Potty Training For Dummies
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Ask any parent who has taught a child to use the toilet (one who is truthful, anyway), and you'll hear that kids have many pee and poop accidents. Just like when you were learning to drive and didn't get the gist of parallel parking right away, these tots are total novices, and should be treated with gentle understanding when they goof up. The more lovingly you handle this phase, the better you will cement the bond you're creating with your child.

Be patient with the greenhorn. Soothe yourself with the knowledge that child development experts typically regard occasional bed-wetting as a normal thing until age 6! Don't view slips as bad behavior; keep reminding yourself that your child's body and mind have to work together for potty training to be a total success.

If you think this is long, arduous, and frustrating to you, just think how it feels to him — a tough learning curve that thrives best with unwavering support. Tell your child, "I know you'll be using the potty all the time very soon — you'll learn to remind yourself." So what should you do? Don't bring up potty training at all for a two-day break. Both of you take a breather. Change those training pants like a trouper and say nothing at all about pee or poop. You're the three monkeys of see no evil, speak no evil, hear no evil.

Practicing to avoid wet pants

Run back over the whole potty routine. You can do this right after a slipup — unless he seems upset by his mistake. In that case, wait to have your chat until the mistake is a few hours behind him.

Announce to your child: "You're going to practice how to avoid wet pants. You'll remember — you were getting very good at it a few weeks ago, and I know you can do it again."

Take him through the steps, one by one. Go slowly. Speak clearly and with pure patience.

If he resists ("I don't want to!") wait a few hours, then try again. Instead of taking a "you'll do as I say" tack, talk to your trainee like you're his best friend who just wants to help him learn something he needs to know. "This is what big kids do in school, so you need to know how to use the potty before then. I want you to feel comfortable in school someday."

Encourage him to role play what he could do the next time he feels a need to pee. The spirit should be, "Hey, I know what you can do next time you need to pee." Keep it casual. "Show me what you'll do, the next time you feel an urge to go potty. I'll clap my hands when you get through. Let's pretend you need to go pee right now." Pause. "What I'd like to hear you say is, 'I think I can do that.'"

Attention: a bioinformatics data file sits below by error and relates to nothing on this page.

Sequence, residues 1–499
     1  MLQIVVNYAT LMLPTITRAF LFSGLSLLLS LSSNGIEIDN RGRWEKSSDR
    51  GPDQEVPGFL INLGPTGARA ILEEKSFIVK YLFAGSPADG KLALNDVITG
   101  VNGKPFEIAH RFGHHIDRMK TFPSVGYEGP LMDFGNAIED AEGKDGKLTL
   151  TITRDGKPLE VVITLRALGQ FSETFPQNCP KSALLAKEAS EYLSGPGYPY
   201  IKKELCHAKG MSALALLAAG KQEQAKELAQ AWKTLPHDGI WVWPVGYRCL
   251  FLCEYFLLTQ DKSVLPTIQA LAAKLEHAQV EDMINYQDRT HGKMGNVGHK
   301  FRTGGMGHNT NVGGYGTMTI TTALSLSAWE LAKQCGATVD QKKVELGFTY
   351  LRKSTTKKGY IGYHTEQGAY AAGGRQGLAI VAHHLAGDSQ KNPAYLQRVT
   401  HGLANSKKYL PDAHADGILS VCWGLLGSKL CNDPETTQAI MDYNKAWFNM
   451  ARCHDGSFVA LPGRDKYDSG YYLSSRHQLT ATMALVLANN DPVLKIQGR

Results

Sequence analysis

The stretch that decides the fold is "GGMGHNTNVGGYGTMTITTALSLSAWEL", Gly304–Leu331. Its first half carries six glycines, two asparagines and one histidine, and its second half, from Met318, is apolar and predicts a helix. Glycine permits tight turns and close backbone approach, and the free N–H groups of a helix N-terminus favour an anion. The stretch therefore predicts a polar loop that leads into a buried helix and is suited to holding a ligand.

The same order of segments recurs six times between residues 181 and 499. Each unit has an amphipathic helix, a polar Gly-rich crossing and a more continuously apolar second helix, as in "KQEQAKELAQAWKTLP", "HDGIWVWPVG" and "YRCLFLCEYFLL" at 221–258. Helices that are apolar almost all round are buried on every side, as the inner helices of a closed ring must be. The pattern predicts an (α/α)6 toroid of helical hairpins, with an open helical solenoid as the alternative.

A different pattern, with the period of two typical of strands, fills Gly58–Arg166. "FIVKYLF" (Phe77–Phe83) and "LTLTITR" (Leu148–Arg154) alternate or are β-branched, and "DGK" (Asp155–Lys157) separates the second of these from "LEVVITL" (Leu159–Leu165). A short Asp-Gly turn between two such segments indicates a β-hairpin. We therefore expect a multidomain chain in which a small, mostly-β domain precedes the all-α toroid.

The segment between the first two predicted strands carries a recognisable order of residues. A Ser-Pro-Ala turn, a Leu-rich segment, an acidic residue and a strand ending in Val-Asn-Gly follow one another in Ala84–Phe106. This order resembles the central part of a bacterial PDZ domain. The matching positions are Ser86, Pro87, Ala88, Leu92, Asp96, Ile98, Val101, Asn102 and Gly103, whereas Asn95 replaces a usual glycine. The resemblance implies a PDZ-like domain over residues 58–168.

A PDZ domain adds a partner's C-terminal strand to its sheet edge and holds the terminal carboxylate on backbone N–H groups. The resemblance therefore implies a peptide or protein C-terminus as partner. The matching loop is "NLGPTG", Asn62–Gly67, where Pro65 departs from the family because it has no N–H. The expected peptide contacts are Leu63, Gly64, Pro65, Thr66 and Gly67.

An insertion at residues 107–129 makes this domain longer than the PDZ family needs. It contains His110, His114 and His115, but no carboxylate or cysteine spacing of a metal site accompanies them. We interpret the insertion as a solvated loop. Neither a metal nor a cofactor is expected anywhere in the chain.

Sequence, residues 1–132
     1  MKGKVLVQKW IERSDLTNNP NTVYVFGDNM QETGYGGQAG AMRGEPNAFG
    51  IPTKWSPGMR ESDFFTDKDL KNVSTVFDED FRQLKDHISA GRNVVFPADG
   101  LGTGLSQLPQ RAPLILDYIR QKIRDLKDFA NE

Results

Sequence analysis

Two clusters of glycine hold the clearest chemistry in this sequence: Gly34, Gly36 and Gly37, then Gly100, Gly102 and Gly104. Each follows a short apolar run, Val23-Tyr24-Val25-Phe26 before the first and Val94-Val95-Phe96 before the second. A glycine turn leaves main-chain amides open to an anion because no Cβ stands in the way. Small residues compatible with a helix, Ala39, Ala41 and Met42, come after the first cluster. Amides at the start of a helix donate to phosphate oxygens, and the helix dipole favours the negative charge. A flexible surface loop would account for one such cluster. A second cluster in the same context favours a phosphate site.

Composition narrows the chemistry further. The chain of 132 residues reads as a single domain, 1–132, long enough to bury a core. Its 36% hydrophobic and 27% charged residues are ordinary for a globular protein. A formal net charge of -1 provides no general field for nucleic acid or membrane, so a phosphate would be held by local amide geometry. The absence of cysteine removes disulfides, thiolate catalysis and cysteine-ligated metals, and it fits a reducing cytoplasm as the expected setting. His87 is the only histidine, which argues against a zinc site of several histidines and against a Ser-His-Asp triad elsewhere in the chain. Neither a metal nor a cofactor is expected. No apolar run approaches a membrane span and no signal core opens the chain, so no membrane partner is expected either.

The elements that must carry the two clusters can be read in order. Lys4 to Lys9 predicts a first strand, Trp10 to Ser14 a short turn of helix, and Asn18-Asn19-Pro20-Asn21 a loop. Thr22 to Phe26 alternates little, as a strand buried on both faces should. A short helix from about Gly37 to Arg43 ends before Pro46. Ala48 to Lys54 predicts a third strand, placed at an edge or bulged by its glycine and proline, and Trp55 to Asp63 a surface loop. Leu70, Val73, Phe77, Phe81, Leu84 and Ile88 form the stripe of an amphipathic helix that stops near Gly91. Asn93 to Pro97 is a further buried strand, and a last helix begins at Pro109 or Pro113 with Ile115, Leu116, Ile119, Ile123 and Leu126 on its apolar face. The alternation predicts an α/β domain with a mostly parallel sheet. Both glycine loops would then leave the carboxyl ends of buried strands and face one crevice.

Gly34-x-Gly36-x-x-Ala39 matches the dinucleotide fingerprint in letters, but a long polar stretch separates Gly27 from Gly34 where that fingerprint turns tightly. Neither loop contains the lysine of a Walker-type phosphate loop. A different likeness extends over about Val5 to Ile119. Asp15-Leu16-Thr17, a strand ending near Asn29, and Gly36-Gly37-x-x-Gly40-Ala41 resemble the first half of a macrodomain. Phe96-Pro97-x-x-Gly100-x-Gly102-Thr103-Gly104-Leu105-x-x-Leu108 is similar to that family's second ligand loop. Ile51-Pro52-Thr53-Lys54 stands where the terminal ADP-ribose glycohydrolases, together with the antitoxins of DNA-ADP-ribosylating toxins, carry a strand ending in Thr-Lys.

Returning to training pants

If your child has already advanced to wearing regular underwear, you can put him back in training pants for a few days. Tell him that you're not doing this because you're mad at him — you just want to provide some backup for a few days, until he feels ready to go back to underpants. Be sure that you have no hint of scolding or sarcasm in your voice.

You'll know it's time to make this exception to the rule of never moving back to training pants when your child's embarrassment takes on scary proportions — he's crying and over-the-top upset. Tell him: "I know this is hard to do sometimes, and I can tell you get frustrated. But, don't worry — I'm with you all the way, and soon, you'll get to the potty on time — every time."

In addition, if your child is experiencing some major-league backsliding, a return to pull-ups is probably a very good idea to reduce the embarrassment factor. Make it clear, though, that this is just for a few days. "It's just taking your body some time to adjust, and that's okay."

Imagine his thoughts: "But what will we do? You gave the training pants away when I got my big pants!" "Sweetie, we'll buy some more. You probably will only need one package, and then you'll be back to using the potty again and wearing your big-kid underwear."

Staying positive

Say everything, do everything, feel everything. Use both words and actions to make him feel safe and secure, loved, and accepted.

During the initial backsliding, do not refer to the potty chair at all for a few days. If he mentions it when he's with you in the bathroom, tell him that you're sure he will want to use it again. "You'll get back to it again, and that will be nice when you do. I'm sure you'll do well at using the potty again soon. You are a sweet, cooperative child, and I love you."

If you're just real darn lucky and he's suddenly inspired to use it right then, agree that he should go ahead. And, feel free to act delighted that he brought it up. "What a good attitude you have! You want to try again."

Stay low-key. Sometimes, when mom or dad or babysitter makes a huge, over-the-top deal of it, a child starts feeling weird or squeamish and decides that the issue is too heavily weighted, that he felt more comfortable when using the potty wasn't something that was expected.

Being practical

Try a brass-tacks approach to handling the practicalities of backsliding. In giving him tips, use a neutral here's-what-you-do tone that has absolutely no accusation in it. Just the facts, ma'am. You may want to use the following tips, which will help your child to get past his backsliding hurdle with no bad memories:

  • Limit his intake of fluids right before bedtime.
  • Encourage him to get out of bed as soon as he notices that it's wet.
  • Don't force potty-sits or cleanup.

About This Article

This article is from the book:

About the book authors:

Diane Stafford has written extensively on health issues.

Jennifer Shoquist, M.D., Stafford s daughter, is a family practice physician.

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